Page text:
Numerous school massacres stopped by gun owners who wielded their weapons in defense of children
Wednesday, December 19, 2012 by: J. D. Heyes
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(NaturalNews) In the midst of all the anti-gun hysteria following the senseless murder of 26 people - 20 of them first graders - at Sandy Hook Elementary School in Newtown, Conn., one story that is repeatedly overlooked is how often a firearm has been used to save lives and stop senseless murders.
We here at Natural News believe the mainstream media, which so often overlooks these kinds of stories because they don't fit into the statist government worldview held by the majority of news editors, has done a disservice to the public by ignoring these acts of selflessness and heroism.
With that in mind, we bring just some of the most recent high-profile incidents - including what could have been additional school massacres - that were stopped by law-abiding citizens using their Second Amendment rights to protect themselves and others. Scores of individual uses that never get reported are not included here:
Pearl High School, Mississippi: This incident began the morning of Oct. 1, 1997, when 16-year-old student Luke Windham entered the school with a rifle. Wearing only an orange jumpsuit and a trench coat and making no effort to hide his weapon, he initially entered the school and shot and killed two students, injuring seven others. He was stopped by assistant principal Joel Myrick, who retrieved a .45 cal. handgun from the glove box of his truck.
"I've always kept a gun in the truck just in case something like this ever happened," said Myrick at the time, who went on to become principal of Corinth High School, Corinth, Miss.
Appalachia Law School, Virginia: On Jan. 16, 2002, Peter Odighizuwa, 43, a former student from Nigeria, arrived on the campus of the school with a handgun around 1:00 p.m. and immediately killed three people, at least two of them at point-blank range. Two students - Mikael Gross and Tracy Bridges - both retrieved handguns from their vehicles and confronted Odighizuwa. As former police officers, both men were trained to subdue suspects but the fact is they were on the scene and armed, and helped prevent more killings.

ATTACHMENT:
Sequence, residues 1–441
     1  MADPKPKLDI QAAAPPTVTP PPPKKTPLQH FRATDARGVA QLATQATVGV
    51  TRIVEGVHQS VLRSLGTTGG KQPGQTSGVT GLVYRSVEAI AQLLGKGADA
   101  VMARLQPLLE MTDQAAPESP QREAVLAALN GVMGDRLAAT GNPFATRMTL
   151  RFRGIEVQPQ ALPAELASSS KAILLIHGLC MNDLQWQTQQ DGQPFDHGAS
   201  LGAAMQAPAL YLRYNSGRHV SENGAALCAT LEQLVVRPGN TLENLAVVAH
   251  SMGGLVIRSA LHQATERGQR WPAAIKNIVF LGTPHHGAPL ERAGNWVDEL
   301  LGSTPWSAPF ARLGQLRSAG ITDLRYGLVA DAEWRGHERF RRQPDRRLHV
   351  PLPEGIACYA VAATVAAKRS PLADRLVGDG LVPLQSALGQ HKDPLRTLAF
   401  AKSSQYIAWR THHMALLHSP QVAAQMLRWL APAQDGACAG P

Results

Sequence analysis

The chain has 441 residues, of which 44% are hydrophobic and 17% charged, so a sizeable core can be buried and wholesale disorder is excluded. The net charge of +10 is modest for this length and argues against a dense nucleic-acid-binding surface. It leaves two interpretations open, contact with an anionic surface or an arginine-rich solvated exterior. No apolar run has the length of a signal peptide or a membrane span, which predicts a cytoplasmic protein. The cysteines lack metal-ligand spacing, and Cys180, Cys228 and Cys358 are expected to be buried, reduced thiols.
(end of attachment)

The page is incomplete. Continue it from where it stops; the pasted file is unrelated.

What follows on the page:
Muskegon, Michigan: From the Aug. 23, 1995, issue of the Muskegon Chronicle: "Plans to slay everyone in the Muskegon, Michigan, store and steal enough cash and jewelry to feed their 'gnawing hunger for crack cocaine' fell apart for a band of would-be killers after one of their victims fought back. Store owner Clare Cooper was returning behind the counter after showing three of the four conspirators some jewelry, when one of the group pulled out a gun and shot him four times in the back. Stumbling for the safety of his bullet-proof glass-encased counter, Cooper managed to grab his shotgun and fire as the suspects fled."
Colorado Springs, Colo.: On Dec. 9, 2007, gunman Mathew Murray, 24, launched an armed attack against the parishioners of the New Life Church that ultimately left two innocent victims dead. But the toll could have been much higher, were it not for the heroic actions of former police officer Jeanne Assam from Minnesota. In an interview she said she very nearly decided not to go to church that morning but because she saw a headline on her computer indicating that two young people were murdered and a training center for Christian missionaries about 70 miles away in the Denver suburb of Arvada, she changed her mind. Murray shot a total of five people before an armed Assam shot and killed him. There were about 7,000 people at the church at the time of the attack.
"Criminologist Gary Kleck estimates that 2.5 million Americans use guns to defend themselves each year. Out of that number, 400,000 believe that but for their firearms, they would have been dead," columnist Larry Elder wrote in July, following the shooting tragedy at the premier of the latest Batman movie in Aurora, Colo.
"We know from Census Bureau surveys that something beyond 100,000 uses of guns for self-defense occur every year," adds Professor Emeritus James Q. Wilson, a public policy expert at the University of California-Los Angeles. "We know from smaller surveys of a commercial nature that the number may be as high as two-and-a-half or three million. We don't know what the right number is, but whatever the right number is, it's not a trivial number."
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